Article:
To request Mental Health
Services or to access Mental
Health Crisis Services Call:

Post-Traumatic Stress Disorder
Basic Information
Introduction to Trauma and Stressor-Related DisordersSigns and Symptoms of Trauma and Stressor-Related DisordersDiagnostic Descriptions of Trauma and Stressor-Related DisordersWhat Causes the Symptoms of Trauma-Related Disorders? Treatment of Trauma, PTSD, Abuse and Other Stressor-Related Disorders Conclusion, Resources and ReferencesDealing with the Effects of Trauma - A Self-Help Guide
More InformationLatest NewsQuestions and AnswersLinksBook Reviews
Related Topics

Anxiety Disorders
Depression: Depression & Related Conditions
Dissociative Disorders

by Michael Feldschuh (editor)
Regan Books, 2002
Review by Christian Perring, Ph.D. on Oct 2nd 2002

The September 11 Photo Project

The September 11 Photo Project is a collection of nearly 200 pages of both color and black and white photographs by more than one hundred photographers is a small sample of the more than four thousand that were donated from New York and the rest of the world.  They were first exhibited in a SoHo gallery in New York City.  They include many images of the Twin Towers being hit by the planes, on fire, collapsing, and in rubble.  No matter how familiar those images become, they continue to hold great power.  It’s not just that they are visually compelling but also that, more than a year after the attack, it is hard to accept that the towers fell and seeing the photographic evidence is still jarring. 

What most of these photographs add to the now familiar is a personal element.  Many of the pictures are accompanied by text written by the photographer explaining the context of what was happening at the time, or what his or her reaction was.  Other pictures show people reacting to or affected by the attack. We even see how the photographs were displayed at the exhibition, attached to the wall by metal clips, grouped by photographer.  This adds a different dimension to the visual record, deepening the meanings of the images. 

Of course, there have been many television programs featuring the personal stories of those affected by the attack, and a large number of them have been both gripping and extremely moving.  But the experience of browsing through a book of photographs is very different; one has more control over the order one looks at the pages, the time of day and place one views them, how long one dwells on particular images.  Furthermore, one doesn’t have to endure commercials or sponsor messages during one’s viewing, and often one feels less concerned about being manipulated by the program-makers editorial decisions.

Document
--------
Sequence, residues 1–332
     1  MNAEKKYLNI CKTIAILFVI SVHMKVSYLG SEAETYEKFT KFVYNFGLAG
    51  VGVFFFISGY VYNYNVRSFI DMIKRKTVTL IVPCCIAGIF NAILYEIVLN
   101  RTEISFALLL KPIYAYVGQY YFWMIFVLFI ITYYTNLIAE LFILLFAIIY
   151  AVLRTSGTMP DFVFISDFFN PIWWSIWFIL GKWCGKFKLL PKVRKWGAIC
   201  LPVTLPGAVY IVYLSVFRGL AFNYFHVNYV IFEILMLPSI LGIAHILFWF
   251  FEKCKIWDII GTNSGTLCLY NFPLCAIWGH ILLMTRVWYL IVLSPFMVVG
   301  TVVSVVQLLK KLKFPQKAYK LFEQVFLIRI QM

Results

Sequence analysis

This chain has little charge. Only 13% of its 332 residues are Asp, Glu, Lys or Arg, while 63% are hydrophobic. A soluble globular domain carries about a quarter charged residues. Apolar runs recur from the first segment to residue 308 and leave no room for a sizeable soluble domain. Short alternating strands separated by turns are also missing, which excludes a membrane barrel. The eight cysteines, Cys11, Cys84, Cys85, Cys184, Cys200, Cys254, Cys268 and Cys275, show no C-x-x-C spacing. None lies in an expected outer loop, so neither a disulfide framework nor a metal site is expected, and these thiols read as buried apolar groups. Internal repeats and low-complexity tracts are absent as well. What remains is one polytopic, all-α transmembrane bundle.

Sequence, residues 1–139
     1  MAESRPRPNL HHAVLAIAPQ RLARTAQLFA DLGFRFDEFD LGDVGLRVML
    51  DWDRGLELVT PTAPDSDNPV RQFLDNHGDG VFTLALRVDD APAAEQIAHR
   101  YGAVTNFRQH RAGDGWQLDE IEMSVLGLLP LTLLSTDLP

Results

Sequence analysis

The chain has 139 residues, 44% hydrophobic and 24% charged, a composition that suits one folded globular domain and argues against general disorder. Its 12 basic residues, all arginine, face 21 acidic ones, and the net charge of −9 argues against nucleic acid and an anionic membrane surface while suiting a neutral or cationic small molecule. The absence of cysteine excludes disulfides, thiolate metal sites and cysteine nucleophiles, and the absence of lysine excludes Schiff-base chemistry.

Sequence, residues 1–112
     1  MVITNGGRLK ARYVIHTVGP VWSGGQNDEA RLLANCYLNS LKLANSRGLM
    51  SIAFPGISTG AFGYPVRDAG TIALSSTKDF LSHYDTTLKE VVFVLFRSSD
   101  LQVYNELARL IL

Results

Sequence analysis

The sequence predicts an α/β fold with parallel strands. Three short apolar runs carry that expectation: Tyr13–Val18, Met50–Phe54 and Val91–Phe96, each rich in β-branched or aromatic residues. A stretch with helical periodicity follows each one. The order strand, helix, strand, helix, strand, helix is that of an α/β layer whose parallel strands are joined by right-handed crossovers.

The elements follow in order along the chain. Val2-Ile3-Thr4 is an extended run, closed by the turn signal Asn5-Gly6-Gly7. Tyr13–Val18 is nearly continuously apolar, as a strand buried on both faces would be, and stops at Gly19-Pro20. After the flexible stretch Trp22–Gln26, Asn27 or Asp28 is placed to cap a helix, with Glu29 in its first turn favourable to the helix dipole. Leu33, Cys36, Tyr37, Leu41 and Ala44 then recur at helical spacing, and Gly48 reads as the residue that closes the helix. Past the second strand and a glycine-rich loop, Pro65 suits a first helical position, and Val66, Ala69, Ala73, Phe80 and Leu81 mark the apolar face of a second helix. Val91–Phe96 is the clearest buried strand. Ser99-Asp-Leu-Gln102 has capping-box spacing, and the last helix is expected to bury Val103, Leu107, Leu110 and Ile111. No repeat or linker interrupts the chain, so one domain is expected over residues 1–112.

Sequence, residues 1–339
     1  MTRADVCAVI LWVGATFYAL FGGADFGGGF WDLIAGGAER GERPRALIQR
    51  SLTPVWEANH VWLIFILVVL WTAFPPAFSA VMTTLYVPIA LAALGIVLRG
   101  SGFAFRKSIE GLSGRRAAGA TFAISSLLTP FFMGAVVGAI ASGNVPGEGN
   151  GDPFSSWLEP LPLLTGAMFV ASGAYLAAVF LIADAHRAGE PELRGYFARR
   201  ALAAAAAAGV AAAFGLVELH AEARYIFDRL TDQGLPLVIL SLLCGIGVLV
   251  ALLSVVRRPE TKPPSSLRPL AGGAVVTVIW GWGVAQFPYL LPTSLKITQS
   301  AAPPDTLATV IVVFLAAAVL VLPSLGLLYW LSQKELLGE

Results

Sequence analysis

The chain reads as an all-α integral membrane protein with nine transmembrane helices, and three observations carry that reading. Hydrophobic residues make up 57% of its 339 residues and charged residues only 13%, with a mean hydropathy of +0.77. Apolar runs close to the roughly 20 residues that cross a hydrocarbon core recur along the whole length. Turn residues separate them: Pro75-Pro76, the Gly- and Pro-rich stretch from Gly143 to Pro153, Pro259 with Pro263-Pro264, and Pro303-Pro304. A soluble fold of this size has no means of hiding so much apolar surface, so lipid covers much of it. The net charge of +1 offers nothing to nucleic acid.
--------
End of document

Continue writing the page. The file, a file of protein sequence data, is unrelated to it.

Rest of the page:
These pictures are deeply personal; many of them show the shock and horror on the faces of people seeing the Towers on fire or collapsing, the pain and exhaustion of rescue workers, and the different messages of anger, revenge, national pride and anti-war feelings of people reacting to the attack, the various tributes to those who died.  Especially haunting are images of New York City in the nights after immediately after the attack, quiet and still covered by a cloud of smoke and dust.  It is good to see some photographs from around the rest of the USA and some other countries, showing different reactions and a few showing the contrast of different ways of life at the same time as Americans were going through national crisis. 

The September 11 Photo Project is a book of high quality, full of remarkable photographs.  Looking through it may be therapeutic for some people and may upset others, but one of the most valuable functions it can serve is to help people achieve a greater sense of understanding of what happened on the day of the attack and how we reacted to it.


© 2002 Christian Perring. All rights reserved.

Christian Perring, Ph.D., is Chair of the Philosophy Department at Dowling College, Long Island. He is editor of Metapsychology Online Review. His main research is on philosophical issues in psychiatry. He is especially interested in exploring how philosophers can play a greater role in public life, and he is keen to help foster communication between philosophers, mental health professionals, and the general public.